The Congressional Budget Office released its report on the impact of President Donald Trump ending Obamacare’s cost-sharing reduction (CSR) payments on Tuesday.
CSR payments help to offset the cost to insurers that offer plans with low out-of-pocket costs to poorer Americans.
The payments became the subject of a lawsuit between the Obama administration and the Republican-controlled House in 2015. The House argued the way the CSRs were paid through the executive branch was illegal, and a judged ruled in their favour in 2016.
The Obama administration appealed the ruling, allowing the payments to continue. Trump had threatened to drop the appeal and cut off the payments repeatedly over the past few months.
Insurers have warned that without CSRs, they would likely have to dramatically raise premiums for 2018, well above their current planned increases.
Now, the CBO’s nonpartisan analysis found that many of the insurers would follow through on their warnings. Here’s a breakdown of the key findings:
- Premiums would increase more than originally projected: Premiums for 2018 would increase by 20% over the CBO’s current baseline and by 25% over the 2020 projection. This would happen because in order to qualify for the Obamacare markets, insurers would still have to provide low-income enrollees with the same level of care without those costs being offset. “Because they would still be required to bear the costs of CSRs even without payments from the government, participating insurers would raise premiums of ‘silver’ plans to cover the costs,” said the CBO.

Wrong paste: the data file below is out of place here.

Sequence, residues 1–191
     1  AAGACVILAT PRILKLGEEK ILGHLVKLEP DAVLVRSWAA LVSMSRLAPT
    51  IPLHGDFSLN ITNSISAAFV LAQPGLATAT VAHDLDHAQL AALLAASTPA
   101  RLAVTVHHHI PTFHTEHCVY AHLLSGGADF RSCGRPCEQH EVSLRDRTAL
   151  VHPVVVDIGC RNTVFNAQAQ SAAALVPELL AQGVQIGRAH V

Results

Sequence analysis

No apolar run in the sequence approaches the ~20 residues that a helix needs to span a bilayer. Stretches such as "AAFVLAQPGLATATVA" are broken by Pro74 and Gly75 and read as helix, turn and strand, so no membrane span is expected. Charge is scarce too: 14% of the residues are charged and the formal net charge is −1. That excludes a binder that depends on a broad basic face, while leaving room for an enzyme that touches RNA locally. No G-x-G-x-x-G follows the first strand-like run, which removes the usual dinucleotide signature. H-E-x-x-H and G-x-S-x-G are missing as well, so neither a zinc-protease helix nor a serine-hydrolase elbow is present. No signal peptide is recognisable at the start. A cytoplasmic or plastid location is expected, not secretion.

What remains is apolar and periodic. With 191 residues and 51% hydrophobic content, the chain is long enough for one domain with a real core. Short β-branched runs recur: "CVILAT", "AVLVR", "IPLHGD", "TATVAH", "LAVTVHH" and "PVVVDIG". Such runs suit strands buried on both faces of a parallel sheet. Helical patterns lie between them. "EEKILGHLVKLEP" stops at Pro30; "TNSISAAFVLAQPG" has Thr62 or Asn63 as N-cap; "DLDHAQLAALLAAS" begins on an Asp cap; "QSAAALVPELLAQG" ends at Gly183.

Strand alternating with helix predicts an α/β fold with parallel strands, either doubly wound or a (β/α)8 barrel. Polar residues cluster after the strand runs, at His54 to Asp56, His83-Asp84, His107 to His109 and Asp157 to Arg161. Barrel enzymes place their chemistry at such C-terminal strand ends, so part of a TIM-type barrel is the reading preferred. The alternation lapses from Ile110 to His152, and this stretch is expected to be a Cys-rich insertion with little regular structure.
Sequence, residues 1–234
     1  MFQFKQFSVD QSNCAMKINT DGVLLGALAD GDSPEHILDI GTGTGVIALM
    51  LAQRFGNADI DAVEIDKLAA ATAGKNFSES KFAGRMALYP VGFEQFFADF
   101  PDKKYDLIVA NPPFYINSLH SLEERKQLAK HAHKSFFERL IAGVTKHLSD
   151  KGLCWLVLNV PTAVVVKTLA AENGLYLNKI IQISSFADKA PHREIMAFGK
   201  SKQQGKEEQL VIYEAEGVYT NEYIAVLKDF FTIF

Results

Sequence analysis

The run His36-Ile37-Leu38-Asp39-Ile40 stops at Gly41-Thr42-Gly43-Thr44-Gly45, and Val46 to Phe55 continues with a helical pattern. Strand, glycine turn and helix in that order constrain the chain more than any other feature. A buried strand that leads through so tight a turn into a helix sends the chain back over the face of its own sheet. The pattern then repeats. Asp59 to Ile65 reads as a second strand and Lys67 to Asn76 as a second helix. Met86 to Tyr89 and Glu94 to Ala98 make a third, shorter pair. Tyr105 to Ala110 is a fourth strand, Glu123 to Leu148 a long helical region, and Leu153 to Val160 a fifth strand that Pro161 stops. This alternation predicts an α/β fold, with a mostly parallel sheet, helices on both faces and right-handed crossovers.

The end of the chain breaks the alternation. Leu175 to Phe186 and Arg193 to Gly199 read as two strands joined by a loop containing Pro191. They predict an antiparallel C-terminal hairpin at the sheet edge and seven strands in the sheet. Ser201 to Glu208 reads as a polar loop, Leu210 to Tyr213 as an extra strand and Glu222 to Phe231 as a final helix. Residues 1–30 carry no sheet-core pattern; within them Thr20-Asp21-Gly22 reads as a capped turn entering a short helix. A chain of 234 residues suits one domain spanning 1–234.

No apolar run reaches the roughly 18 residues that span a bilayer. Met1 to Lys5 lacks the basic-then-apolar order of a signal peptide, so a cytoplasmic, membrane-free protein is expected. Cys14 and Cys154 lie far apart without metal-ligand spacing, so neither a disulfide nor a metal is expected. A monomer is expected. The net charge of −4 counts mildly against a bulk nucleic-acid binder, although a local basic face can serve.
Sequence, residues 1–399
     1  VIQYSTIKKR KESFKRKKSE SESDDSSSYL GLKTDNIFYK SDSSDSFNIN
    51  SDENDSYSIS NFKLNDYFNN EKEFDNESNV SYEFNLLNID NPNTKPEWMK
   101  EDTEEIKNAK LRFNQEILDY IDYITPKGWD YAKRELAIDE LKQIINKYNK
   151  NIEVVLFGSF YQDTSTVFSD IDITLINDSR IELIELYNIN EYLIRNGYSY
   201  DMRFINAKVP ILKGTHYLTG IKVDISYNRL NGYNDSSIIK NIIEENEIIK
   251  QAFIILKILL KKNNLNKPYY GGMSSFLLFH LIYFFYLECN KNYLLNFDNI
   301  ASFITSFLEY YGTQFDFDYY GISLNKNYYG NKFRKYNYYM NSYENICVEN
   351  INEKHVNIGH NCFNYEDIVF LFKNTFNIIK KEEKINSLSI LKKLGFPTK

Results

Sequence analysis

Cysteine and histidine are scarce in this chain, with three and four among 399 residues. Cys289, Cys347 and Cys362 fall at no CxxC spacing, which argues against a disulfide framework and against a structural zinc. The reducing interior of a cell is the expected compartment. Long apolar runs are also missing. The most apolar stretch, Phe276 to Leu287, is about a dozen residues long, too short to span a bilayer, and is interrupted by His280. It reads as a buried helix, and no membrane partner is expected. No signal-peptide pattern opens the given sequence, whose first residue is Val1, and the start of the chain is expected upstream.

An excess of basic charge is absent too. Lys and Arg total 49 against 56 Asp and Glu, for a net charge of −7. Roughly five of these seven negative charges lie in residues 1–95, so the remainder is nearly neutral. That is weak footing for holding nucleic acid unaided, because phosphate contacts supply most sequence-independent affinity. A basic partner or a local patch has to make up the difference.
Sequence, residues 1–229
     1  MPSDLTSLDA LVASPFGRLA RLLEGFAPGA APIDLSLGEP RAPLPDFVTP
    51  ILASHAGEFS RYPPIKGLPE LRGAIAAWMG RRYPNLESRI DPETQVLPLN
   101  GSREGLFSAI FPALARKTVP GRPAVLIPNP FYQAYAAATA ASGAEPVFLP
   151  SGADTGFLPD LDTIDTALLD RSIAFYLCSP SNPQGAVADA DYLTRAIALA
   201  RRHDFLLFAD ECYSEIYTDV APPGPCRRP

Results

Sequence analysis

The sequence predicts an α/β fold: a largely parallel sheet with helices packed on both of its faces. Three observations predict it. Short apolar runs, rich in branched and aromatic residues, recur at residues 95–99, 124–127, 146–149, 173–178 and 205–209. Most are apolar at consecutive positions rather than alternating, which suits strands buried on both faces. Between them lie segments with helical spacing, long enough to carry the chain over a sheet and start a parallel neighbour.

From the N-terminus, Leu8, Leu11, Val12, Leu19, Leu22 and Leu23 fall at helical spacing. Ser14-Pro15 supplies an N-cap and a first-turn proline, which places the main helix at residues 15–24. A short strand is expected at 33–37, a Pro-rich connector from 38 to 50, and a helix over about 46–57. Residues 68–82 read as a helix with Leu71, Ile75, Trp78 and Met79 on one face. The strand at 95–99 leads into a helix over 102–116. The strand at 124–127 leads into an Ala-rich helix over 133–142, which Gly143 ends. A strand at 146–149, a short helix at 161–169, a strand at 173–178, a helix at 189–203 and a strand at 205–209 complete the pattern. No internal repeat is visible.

- The federal deficit would increase as more people relied on subsidies to access insurance: The federal deficit would increase by $US194 billion between 2018 and 2026 compared to the current baseline. “Because the tax credits would increase when premiums for silver plans rose, the agencies estimate that the average subsidy per person receiving premium tax credits to purchase nongroup health insurance would increase,” said the CBO report. Put another way, since premiums would increase with no CSRs, Americans would need more help paying the higher costs through subsidies. The increased cost of subsidies, said the CBO, would be greater than simply funding the CSRs.
- Some insurers would pull out of the Obamacare markets, but not enough to cause a collapse: According to the CBO, if Trump ended CSRs, insurers would exit some of the Obamacare exchanges due to the higher costs. The exits, said the report, would impact areas where only 5% of the US population lives. By 2020, “almost all areas” would have at least one option for insurance according to the report. Health policy experts have previously warned that ending CSRs could lead to a mass exodus of insurers from the market; however, the CBO does not expect this to be the case.